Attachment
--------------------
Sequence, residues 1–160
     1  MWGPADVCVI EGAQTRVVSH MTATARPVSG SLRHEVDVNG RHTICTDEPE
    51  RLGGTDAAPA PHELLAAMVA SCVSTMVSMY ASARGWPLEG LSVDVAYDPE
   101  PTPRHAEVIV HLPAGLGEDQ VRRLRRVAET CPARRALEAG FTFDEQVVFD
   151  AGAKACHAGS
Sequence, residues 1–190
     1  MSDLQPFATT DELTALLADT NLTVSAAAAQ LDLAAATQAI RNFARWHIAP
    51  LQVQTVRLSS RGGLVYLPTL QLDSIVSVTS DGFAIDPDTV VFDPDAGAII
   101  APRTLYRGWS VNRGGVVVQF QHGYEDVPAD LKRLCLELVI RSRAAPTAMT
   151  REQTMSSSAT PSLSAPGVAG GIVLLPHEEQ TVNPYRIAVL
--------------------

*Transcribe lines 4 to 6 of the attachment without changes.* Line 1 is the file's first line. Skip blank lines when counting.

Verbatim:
   101  PTPRHAEVIV HLPAGLGEDQ VRRLRRVAET CPARRALEAG FTFDEQVVFD
   151  AGAKACHAGS
Sequence, residues 1–190